The UK government is expected to abolish laws that prevent UK consumers from making digital copies of CDs and DVDs that they own for personal use. This practice has been followed by people for a long time, but only some of them knew that they were breaking the law by copying the content of their CDs and DVDs to other media devices.
The amendments to the old law comes after the commissioning of the Hargreaves Report, which advised the UK government to change its existing laws and make new ones to keep up with the digital age.
In Mr. Hargreaves’s review, he suggested that legalizing the ripping of CDs and DVDs for personal consumption, a process called ‘format shifting,’ would “enhance the economic potential of the UK’s creative industries and ensure that the emergence of high technology businesses, especially smaller businesses, in other sectors are not impeded by our IP laws”.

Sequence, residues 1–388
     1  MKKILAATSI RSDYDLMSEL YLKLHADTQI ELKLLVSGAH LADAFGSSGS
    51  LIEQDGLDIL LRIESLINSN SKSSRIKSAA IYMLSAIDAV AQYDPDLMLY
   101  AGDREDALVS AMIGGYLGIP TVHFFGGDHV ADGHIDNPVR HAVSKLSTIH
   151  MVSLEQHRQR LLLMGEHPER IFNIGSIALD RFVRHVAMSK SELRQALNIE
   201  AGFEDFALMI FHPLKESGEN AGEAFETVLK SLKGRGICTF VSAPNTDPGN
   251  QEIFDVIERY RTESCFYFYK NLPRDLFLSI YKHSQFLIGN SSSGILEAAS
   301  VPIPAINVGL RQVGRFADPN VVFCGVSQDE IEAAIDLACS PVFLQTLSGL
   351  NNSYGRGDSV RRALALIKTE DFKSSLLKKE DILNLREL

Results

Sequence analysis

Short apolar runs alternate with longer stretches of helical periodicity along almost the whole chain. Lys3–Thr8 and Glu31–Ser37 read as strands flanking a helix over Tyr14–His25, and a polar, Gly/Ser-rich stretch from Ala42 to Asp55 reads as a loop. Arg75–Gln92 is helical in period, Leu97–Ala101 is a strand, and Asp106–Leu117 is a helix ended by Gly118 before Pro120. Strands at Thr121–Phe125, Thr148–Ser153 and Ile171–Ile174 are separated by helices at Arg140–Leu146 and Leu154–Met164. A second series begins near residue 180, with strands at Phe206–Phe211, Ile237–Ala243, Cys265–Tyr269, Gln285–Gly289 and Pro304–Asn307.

Reports have also suggested that the revision of copyright laws in the UK will also protect spoof versions or parodies of popular tracks from copyright restrictions. This comes after a YouTube video called Newport State of Mind (a parody of Jay-Z and Alicia Keys’ hit single Empire State of Mind) was removed after a complaint from EMI.
Legalizing CD and DVD copying will bring the UK law into line with other countries, which include the US and Canada. This change is expected to make it legal for other family members to use the ripped digital content from CDs. However, sharing digital copies online is to remain illegal.
Is it about time the UK changed media laws? Will it make a difference anyway?